11. Worst Christmas gift you ever received? My sister mentioned, "Ms. McKinley next door at our house in Lufkin when I was in the third grade gave us girls all a pair of boys socks – UGLY boys socks!!" I have to agree with that one. Mother said Miz McKinley later said something to her about never seeing us wear the socks she gave us. Can you believe she noticed?!? So Mother told her they were boys' socks so we gave them to our little brothers. Miz McKinley was just appalled. She had no idea! Bless her heart... she was trying to be nice!
12. Favorite Christmas Movie? It's a Wonderful Life.
13. When do you start shopping for Christmas? As early as I can.
14. Have you ever recycled a Christmas present? Sure.
15. Favorite thing to eat at Christmas? cookies
16. Clear lights or colored on the tree? This year they are clear. I prefer colored, but clear are pretty.
17. Favorite Christmas song? O Little Town of Bethlehem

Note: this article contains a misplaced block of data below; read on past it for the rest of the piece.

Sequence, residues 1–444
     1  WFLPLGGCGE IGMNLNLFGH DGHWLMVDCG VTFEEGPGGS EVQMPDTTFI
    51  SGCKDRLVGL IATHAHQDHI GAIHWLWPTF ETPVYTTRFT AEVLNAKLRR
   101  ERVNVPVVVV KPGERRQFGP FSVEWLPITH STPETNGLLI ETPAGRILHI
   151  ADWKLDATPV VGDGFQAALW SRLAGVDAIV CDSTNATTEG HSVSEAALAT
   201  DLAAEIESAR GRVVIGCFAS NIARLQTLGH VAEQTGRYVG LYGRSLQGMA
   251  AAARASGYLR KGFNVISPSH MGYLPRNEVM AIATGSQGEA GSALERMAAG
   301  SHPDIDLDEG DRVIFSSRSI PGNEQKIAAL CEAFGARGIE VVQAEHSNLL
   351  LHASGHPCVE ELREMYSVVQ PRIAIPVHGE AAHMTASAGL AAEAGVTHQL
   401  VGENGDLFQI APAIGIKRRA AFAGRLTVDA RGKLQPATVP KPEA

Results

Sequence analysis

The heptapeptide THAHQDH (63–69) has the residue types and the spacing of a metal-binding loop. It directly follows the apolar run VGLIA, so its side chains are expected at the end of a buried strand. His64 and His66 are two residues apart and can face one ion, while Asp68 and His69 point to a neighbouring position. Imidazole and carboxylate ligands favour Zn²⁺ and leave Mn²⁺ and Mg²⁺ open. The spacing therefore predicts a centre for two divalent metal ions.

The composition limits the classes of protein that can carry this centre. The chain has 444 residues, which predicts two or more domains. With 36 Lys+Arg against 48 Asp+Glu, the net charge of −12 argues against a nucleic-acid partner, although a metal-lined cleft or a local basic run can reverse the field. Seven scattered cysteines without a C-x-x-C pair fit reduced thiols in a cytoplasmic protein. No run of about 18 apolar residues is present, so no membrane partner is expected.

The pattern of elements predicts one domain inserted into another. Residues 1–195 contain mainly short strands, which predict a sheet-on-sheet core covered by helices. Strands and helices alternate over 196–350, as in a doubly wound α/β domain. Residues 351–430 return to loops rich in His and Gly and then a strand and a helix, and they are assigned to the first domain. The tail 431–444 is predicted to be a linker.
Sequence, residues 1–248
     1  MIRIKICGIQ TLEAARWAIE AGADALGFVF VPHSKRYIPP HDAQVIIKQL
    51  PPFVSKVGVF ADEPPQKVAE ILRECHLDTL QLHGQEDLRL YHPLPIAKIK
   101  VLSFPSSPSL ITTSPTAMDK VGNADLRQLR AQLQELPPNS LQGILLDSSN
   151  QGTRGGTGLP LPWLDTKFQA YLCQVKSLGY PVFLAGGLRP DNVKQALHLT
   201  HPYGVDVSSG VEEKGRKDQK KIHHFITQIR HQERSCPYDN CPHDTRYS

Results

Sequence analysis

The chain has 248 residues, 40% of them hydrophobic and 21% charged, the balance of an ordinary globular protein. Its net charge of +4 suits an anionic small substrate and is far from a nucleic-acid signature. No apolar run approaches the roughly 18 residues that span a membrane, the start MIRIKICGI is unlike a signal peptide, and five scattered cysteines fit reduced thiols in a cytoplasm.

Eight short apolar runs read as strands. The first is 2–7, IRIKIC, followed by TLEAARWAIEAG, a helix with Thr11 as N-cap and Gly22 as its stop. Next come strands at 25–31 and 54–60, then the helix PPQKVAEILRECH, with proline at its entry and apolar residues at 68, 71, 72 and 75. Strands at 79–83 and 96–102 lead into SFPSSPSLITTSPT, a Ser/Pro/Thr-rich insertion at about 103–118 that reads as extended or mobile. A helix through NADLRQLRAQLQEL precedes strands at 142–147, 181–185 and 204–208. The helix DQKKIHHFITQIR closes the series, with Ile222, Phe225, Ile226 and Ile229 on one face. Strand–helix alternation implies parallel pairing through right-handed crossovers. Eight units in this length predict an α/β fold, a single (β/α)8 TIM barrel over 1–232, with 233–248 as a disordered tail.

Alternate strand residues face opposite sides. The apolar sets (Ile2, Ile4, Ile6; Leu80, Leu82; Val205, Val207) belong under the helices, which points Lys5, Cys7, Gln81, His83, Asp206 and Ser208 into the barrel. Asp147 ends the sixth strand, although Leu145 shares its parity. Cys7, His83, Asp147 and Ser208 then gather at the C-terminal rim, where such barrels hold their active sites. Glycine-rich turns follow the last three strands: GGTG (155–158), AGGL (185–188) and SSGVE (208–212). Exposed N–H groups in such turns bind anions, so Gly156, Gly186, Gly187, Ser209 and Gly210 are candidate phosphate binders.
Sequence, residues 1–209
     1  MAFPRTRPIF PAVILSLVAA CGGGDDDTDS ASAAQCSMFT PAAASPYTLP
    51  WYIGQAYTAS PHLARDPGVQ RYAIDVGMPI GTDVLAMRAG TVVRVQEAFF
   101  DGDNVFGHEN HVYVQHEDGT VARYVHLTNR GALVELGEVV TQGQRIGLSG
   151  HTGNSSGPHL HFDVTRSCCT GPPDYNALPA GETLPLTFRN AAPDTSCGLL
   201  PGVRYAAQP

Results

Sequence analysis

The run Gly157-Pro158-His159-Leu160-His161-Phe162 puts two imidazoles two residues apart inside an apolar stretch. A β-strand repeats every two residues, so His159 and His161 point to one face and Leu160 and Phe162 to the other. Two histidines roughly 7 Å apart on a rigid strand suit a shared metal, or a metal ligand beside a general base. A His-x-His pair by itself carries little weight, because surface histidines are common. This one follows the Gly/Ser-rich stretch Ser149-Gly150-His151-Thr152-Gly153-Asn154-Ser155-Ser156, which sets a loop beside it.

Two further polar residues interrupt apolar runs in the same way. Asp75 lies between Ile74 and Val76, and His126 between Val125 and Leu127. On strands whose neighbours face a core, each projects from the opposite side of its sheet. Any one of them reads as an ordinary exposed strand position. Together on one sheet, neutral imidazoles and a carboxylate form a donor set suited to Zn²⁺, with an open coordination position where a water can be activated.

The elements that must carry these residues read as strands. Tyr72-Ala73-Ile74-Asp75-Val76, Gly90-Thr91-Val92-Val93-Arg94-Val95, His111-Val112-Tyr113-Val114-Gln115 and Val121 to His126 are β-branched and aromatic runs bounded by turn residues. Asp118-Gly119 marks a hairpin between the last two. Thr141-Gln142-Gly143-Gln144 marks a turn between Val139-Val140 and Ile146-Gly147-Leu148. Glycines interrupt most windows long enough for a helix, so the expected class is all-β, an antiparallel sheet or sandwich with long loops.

18. Travel at Christmas or stay home? Usually stay home.
19. Can you name all of Santa's reindeers? uh-huh, unless I forget
20. Angel on the tree top or a star? Angel
21. Open the presents Christmas Eve or morning? Our kids open 2 gifts on Christmas Eve. They are always the same thing... a new pair of pajamas and a new Bible story book (or tape/video related to the Bible). We open other gifts on Christmas morning.
22. Most annoying thing about this time of year? Charities trying to make you feel guilty for not giving more, especially on years when it's all you can do to put Christmas together for your own family. I've had a couple of bad experiences in this regard that kinda turn me off of the whole "give to those less fortunate" drive that goes on. Lest you think I'm a complete Scrooge, I do give to needs I am personally aware of as I am able... but I don't usually give to the big charity drives.
23. Does Santa leave the gifts wrapped or unwrapped? wrapped
24. Do you have Jesus in your heart this Christmas? No point in celebrating Christmas otherwise, is there?
Tuesday, November 14, 2006
Every time I post, I think, "Well, that wasn't so hard! I should do that more often. Yup. Gonna start blogging every day." And then, of course, I don't because when I think about it, it just seems like too much effort...